The man responsible for the murder of South Africa’s former first lady, Marike de Klerk, is scheduled to be released on parole by the end of August.
Luyanda Mboniswa, who carried out the crime at the age of 21, was employed as a security guard at the apartment complex where the former first lady lived. In December 2001, Mrs. de Klerk, aged 64, was tragically killed through stabbing and strangulation in her residence in Cape Town.
Mboniswa not only took her life but also stole valuable possessions, including a mobile phone, a gold watch, and money. He was apprehended two days after committing the crime. In May 2003, he was handed down a life sentence for the murder and an additional life term for robbery with aggravating circumstances.
Now, twenty years later, Mboniswa has undergone a review for potential parole placement, having served the required minimum sentence. He will be integrated into the community corrections system, where he will be expected to adhere to a specific set of parole conditions for the remainder of his life, as stated by Singabakho Nxumalo, the spokesperson for the prisons department.
Marike de Klerk had held the role of South Africa’s first lady from 1989 to 1994. Her husband, Frederik Willem de Klerk, served as the country’s final president during the apartheid era. Their marriage concluded in 1996.
As per the Department of Correctional Services, Mboniswa’s parole placement adheres to the provisions of the Correctional Services Act, as he has completed the mandated minimum term of imprisonment.
“In accordance with the Correctional Services Act, Mboniswa’s eligibility for parole placement was assessed following the fulfillment of the minimum stipulated time. The parole placement procedure commenced with the creation of Mboniswa’s profile by the case management committee, followed by deliberation by the correctional supervision and parole board.”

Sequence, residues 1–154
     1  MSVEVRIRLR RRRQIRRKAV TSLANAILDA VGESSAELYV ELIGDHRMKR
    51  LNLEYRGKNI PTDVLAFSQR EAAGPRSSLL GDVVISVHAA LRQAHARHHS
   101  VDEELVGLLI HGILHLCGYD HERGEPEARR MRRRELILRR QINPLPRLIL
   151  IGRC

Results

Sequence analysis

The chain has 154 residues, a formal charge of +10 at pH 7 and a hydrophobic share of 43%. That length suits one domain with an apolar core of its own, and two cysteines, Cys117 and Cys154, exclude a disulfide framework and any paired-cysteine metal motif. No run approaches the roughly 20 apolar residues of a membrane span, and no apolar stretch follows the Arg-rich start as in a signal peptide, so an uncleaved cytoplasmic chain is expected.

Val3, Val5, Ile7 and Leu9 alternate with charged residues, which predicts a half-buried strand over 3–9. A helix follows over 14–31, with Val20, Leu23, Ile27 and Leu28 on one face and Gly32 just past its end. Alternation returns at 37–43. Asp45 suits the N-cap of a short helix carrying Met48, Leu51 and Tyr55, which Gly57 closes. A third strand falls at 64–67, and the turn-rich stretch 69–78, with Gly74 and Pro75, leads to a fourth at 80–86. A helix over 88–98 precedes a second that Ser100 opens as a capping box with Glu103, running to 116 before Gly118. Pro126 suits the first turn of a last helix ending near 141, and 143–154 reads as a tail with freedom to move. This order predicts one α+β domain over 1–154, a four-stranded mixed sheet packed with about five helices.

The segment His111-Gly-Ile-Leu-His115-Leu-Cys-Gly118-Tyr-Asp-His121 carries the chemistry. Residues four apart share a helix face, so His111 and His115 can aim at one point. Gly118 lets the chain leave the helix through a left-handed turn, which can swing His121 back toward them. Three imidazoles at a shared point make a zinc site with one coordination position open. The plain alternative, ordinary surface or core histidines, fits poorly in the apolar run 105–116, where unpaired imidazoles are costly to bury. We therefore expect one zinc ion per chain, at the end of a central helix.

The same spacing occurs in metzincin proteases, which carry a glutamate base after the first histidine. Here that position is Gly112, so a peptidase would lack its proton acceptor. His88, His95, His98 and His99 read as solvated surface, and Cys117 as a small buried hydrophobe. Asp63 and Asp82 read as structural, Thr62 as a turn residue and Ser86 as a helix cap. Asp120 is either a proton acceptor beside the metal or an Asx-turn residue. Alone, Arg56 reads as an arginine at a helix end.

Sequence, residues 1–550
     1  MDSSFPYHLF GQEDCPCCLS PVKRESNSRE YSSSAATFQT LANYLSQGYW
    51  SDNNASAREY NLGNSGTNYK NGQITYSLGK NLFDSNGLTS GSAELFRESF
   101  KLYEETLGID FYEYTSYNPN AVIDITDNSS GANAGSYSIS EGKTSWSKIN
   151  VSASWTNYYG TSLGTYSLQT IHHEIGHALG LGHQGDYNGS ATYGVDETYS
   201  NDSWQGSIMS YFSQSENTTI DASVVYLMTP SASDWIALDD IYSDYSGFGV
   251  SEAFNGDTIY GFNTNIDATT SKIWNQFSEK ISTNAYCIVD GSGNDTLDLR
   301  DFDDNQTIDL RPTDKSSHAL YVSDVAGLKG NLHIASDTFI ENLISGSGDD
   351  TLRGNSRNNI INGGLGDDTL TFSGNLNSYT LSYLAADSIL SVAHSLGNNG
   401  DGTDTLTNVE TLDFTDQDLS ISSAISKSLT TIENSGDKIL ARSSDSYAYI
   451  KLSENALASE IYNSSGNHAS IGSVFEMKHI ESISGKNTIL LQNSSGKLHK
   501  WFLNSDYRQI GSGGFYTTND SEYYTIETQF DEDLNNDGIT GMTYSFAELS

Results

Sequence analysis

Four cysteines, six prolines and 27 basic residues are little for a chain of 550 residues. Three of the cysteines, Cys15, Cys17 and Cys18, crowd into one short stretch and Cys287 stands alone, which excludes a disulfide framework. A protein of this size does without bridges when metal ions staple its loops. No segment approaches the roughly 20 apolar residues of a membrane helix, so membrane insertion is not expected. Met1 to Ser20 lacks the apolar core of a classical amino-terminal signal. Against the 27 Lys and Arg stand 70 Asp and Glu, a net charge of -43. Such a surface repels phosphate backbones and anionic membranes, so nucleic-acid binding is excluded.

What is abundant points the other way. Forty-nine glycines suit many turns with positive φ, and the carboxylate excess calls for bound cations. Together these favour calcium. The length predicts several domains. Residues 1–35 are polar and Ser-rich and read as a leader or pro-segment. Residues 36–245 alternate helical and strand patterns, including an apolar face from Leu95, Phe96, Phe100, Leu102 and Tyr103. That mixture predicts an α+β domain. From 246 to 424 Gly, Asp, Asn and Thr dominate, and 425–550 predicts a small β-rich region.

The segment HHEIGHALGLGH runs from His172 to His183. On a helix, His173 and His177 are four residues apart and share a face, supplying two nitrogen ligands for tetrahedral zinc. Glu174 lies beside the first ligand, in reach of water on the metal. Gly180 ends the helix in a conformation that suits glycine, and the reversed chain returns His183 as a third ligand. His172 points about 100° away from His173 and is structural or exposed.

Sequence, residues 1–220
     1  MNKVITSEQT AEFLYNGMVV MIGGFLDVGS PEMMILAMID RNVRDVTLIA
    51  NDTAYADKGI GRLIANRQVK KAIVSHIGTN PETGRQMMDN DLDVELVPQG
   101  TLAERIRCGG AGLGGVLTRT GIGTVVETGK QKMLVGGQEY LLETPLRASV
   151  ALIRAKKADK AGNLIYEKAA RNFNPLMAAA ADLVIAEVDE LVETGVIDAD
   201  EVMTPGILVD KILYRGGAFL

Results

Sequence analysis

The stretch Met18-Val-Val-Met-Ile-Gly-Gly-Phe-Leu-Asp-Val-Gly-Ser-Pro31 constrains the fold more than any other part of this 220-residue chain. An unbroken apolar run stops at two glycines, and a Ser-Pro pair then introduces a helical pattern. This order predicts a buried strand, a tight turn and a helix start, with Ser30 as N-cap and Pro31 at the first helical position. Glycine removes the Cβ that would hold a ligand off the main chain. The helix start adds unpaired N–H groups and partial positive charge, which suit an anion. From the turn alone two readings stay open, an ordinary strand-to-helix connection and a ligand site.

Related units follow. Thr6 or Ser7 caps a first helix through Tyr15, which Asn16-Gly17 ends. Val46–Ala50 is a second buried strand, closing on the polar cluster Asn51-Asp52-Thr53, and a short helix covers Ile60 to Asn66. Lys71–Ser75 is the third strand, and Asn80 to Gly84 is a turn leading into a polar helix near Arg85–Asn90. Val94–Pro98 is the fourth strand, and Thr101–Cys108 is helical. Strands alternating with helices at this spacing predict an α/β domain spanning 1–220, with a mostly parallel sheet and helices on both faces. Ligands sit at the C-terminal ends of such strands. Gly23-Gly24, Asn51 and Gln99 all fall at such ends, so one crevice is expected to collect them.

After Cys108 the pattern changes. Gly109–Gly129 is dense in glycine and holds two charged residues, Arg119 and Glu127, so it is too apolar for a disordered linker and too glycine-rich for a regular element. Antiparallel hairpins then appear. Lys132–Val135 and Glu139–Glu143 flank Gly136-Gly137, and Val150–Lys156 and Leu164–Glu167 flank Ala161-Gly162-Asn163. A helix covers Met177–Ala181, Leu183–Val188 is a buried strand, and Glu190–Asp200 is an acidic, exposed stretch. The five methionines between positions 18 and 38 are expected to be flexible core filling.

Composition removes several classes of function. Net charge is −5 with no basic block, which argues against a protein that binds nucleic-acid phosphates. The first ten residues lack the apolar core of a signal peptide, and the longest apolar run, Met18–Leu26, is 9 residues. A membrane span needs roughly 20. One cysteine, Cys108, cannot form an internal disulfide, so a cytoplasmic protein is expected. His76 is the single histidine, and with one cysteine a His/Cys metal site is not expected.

“The national council for correctional services also reviewed the profile before its submission to the minister of justice and correctional services for a final determination. Under section 78 of the Correctional Services Act, the minister is granted the authority to make decisions concerning individuals sentenced to life imprisonment,” stated the department in an official communication.
Upon his release, Mboniswa will enter the community corrections system, obligating him to adhere to a specific set of parole conditions for the duration of his life. A designated monitoring official will be assigned to oversee his compliance with these conditions.
Standard parole conditions will be enforced, encompassing limitations to his designated jurisdiction and refraining from contacting the victim’s family. Additionally, he will be required to promptly inform the monitoring official of any changes to his residential address.
The Department of Correctional Services emphasized that parole forms a vital component of the rehabilitation program aimed at reforming an offender’s conduct, potentially entailing participation in ongoing initiatives within the community corrections framework.